Wednesday, May 12, 2010

W.G. Sebald | Austerlitz | 2001

My Dear Austerlitz,

Last week, on a trip back to the city from New Canaan, where I had spent a leisurely afternoon interviewing the nonagenarian widow of the architect Landis Gores, I found myself parched, and so made my way, driven by some kind of subconscious force, through the digestive system of Grand Central Terminal until I found myself sequestered on a banquet of burnished red leather in the Oyster Bar Saloon, where my thoughts could drift idly, perhaps aided by a rye whiskey neat, to the singular career of Gores, who was among the American serviceman stationed at Blechley Park during the war, and who participated in the codebreaking operation Ultra—which as you may recall broke the communications of the German High Command—before returning to the States to enter into architectural practice with Philip Johnson (reformed fascist), only to find his professional life cut short by a case of polio, one of the last before the introduction of Salk's vaccine, that left his body, half paralyzed—in all, i'm sure you will agree, a bizarrely tragic sequence of events, and one that put me in mind of your own history, given the convergence of themes: architecture, train stations, Nazis, meandering sentences that seem to go hither and tither, with no terminal point anywhere on the horizon. Anyway, hope you're tops!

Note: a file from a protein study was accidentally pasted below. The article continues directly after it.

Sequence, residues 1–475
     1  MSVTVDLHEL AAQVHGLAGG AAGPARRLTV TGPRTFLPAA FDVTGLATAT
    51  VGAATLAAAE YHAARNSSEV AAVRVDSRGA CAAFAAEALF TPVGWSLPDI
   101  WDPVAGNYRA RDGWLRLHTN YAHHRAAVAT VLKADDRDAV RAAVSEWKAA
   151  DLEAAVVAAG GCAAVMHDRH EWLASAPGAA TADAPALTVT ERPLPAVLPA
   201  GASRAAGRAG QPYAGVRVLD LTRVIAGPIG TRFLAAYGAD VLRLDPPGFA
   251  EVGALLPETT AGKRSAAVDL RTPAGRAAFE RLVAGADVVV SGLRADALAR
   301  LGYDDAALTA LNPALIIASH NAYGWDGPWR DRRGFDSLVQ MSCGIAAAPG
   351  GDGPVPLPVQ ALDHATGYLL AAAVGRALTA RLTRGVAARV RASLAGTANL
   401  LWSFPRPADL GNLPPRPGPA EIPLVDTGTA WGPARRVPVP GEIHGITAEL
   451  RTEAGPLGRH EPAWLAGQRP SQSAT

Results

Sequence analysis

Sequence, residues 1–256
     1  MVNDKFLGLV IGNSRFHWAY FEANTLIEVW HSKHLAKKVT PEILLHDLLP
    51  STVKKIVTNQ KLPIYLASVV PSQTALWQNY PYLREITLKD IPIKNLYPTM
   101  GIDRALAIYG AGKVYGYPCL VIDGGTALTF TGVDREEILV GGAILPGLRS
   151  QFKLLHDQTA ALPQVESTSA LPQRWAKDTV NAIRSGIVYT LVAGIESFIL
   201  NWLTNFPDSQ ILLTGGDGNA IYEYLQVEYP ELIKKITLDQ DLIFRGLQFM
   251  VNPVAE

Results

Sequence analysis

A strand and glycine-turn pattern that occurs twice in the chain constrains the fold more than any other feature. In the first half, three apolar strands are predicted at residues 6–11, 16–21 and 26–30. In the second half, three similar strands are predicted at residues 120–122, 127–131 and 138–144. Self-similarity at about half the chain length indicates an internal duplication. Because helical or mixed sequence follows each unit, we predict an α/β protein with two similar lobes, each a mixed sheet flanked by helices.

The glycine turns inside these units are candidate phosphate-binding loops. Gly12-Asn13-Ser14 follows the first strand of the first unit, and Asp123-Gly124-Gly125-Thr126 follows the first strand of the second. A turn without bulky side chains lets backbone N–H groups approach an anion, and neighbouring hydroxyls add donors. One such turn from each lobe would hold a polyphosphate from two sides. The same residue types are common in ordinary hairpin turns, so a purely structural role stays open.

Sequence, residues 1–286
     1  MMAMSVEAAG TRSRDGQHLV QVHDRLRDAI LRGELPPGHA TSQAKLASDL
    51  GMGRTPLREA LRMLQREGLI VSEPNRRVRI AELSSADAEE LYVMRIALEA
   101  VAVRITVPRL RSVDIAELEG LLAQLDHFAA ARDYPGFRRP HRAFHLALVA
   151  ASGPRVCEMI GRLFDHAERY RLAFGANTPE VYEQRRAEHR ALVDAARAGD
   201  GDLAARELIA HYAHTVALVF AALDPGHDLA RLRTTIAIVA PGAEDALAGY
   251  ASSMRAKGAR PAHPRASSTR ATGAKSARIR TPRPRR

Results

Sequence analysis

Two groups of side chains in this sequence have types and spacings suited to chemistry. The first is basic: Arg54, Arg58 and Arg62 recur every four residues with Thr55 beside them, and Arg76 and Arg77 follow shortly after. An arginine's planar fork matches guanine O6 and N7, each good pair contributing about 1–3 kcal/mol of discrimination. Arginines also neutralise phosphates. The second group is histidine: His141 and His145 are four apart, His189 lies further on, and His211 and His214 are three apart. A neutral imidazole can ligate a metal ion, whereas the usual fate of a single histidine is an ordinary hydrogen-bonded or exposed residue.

Mark Lamster